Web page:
THE GIANT SEQUOIAS OF CALIFORNIA ARE AN ABSOLUTELY BREATHTAKING SIGHT TO BEHOLD. THE ROOT SYSTEM OF JUST ONE HAS BEEN KNOWN TO COVER MORE THAN AN ACRE OF LAND IN AN EFFORT TO SUPPORT THE ICONIC GOLDEN STATE TREE.

 

Their resiliency to thrive, weathering thousands of years of natural and man-made elements, is truly miraculous. The same can be said for the human spirit. In the midst of global conflict and chaos created by power and political struggles, economic and racial inequality, resource scarcity, and religious strife - the sheer magnitude of which affect us all - humanity perseveres. Understanding these roots of conflict and identifying ways to alleviate them while elevating those who are most impacted requires a boundaryless approach.

The UCI School of Social Sciences is home to some of the foremost experts on topics like population, policy, and politics in China, global threats posed by misinformation campaigns, warfare and human rights, pollution, economic turmoil in the European Union, and humanitarianism, development, and AIDS in Africa, to name a few. Their research pursuits extend far and wide as they seek to understand the volume, causes, and consequences of some of the heaviest global topics. The school’s dynamic student programs then take this information and spread it through experiential learning programs that reach populations from local Orange County high schools to refugee camps in contested regions.

We’re seeking your help in growing our ability to tackle some of the most pressing global issues. Through research and student program support, you will play a critical role in extending the reach of our work that gets to the heart of the human spirit that thrives in every single one of us.

Help us reach higher. 

 


 

olive tree   Students involved in the Olive Tree Initiative travel to contested global regions to engage with academics, community leaders, and other figures with first-hand knowledge of regional conflicts.

 

EMERGING CONFLICTS RESEARCH

 
Gender equity. Religious freedom. Water rights. Politics and race. War and human rights. Social uprisings and movements. Misinformation campaigns. From anthropology, Chicano/Latino studies, and economics to global studies, philosophy, political science, and sociology, UCI social scientists pursue research that gets to the root causes of conflict and their lasting consequences.

Like Daniel Brunstetter, political science, who studies the ethics of war and the use of drones. He was quick to pounce on a new U.S. executive order revoking the public reporting requirement of civilian causalities as a result of drone strikes. Writing extensively on the topic, he pushes for more transparency in warfare policy that recognizes the importance of civilian casualties so that the true costs of war are known.

In logic and philosophy of science, professors Cailin O’Connor and Jim Weatherall are shedding light on the dangerous misinformation age in which we currently live. From a simple “like” on social media to a damning headline of false facts on national news, contributors - unknowing and otherwise - to the rise of fake news can be found everywhere from high school desks to bullpens at some of the most reputable news agencies. Through on-going research, O’Connor and Weatherall study how the seeds of misinformation are planted, who some of the biggest culprits are, and how we can all work to kill it before it grows legs.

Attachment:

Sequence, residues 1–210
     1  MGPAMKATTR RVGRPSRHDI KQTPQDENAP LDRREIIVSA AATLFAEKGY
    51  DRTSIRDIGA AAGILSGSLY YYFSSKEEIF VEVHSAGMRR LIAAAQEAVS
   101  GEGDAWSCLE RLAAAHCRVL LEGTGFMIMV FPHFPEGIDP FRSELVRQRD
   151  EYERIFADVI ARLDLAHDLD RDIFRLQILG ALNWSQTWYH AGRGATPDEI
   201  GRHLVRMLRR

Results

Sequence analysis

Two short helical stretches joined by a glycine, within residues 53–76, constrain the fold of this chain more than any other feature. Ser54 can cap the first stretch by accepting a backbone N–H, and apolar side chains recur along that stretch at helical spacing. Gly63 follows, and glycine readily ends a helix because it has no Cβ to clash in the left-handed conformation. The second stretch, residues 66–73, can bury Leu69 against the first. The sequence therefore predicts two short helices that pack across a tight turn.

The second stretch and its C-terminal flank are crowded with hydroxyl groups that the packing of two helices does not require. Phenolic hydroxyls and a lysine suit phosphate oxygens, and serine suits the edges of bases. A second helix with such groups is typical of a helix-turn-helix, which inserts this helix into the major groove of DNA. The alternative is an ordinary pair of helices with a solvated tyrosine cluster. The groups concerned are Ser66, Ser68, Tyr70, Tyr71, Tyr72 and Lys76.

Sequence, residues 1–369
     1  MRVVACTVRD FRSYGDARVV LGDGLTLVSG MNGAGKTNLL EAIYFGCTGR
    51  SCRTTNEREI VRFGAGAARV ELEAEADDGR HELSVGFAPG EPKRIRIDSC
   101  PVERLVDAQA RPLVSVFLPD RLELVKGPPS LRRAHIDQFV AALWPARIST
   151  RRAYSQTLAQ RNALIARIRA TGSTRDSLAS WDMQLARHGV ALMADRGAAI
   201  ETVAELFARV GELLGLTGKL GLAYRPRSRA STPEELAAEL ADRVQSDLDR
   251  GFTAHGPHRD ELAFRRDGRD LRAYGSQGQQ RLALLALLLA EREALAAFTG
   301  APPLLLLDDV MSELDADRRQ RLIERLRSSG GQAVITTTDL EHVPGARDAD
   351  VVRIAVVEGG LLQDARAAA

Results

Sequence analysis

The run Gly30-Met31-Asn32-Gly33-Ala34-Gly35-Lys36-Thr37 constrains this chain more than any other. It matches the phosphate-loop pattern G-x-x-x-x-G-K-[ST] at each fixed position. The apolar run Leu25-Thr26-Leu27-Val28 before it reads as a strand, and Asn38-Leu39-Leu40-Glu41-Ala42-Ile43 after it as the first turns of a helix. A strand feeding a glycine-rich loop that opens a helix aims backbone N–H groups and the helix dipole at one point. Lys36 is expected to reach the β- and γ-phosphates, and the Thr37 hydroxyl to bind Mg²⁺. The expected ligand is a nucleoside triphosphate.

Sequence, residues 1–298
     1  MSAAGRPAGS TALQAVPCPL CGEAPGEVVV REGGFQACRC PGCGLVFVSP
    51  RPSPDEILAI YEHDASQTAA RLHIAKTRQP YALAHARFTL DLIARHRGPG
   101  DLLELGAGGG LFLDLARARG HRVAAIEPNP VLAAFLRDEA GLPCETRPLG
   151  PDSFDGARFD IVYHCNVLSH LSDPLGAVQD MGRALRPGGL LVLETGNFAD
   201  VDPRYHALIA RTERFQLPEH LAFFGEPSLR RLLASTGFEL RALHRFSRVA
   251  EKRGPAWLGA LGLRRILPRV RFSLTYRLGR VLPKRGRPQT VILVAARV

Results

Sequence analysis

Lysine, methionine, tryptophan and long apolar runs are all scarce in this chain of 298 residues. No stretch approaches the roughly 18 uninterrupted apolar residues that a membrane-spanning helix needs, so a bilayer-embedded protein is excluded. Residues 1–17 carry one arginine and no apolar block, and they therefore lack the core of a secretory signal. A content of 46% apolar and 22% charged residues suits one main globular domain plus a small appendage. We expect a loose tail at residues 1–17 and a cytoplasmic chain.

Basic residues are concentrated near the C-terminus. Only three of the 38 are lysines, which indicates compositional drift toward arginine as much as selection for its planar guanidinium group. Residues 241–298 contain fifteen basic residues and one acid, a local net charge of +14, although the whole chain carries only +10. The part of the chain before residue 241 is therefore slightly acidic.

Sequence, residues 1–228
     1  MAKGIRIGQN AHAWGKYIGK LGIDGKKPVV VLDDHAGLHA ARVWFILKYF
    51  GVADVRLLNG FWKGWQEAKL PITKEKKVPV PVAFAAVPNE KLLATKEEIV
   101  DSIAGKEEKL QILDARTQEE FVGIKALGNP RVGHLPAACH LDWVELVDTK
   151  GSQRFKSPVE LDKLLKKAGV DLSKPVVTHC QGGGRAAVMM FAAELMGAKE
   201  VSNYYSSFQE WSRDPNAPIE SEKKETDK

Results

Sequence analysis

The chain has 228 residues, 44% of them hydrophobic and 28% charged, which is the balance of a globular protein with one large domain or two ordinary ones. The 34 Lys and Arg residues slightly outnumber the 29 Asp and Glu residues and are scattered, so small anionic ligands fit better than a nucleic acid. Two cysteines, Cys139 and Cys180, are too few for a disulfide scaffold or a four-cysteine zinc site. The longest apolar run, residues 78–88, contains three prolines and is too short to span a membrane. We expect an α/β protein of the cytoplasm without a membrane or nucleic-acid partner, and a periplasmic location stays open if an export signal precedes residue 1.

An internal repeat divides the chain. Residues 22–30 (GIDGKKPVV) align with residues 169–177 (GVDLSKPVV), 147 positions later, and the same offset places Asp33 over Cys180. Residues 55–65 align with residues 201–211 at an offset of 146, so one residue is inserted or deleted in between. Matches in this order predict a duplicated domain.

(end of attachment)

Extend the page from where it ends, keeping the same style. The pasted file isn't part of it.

In water-conscious Southern California, conservation is a very hot topic. UCI anthropologist Valerie Olson is working with joint-powers water agencies in the state to understand how water is thought of, used, and conserved by people living and working within its boundaries. Her aim: to increase hydro-social justice by finding out how underserved communities think about and use water. This can change the way water management companies worldwide interact inclusively with people they deliver vital services to, ultimately increasing conservation and making its benefits more equitable.

Also in anthropology are Kim and Mike Fortun who are tackling environmental risk and disaster. They use experimental ethnographic methods to understand how people in different geographic regions and organizations deal with environmental problems, health risks, and major disasters. Their fieldwork has spanned highly populated regions in India and the United States focusing on catastrophic disasters and more recently on slower moving disasters, including air pollution. Through research, they’ve found that air pollution - recognized as a major killer of people worldwide - has reached dangerous levels in India and is responsible for a growing number of health concerns.

And this is just a sampling of the work being done by UCI social scientists. Supporting emerging conflicts research through named chairs, fellowships, and scholarships allows these critical studies to extend beyond their current reach to impact more global citizens. 

 


 

EXPERIENTIAL LEARNING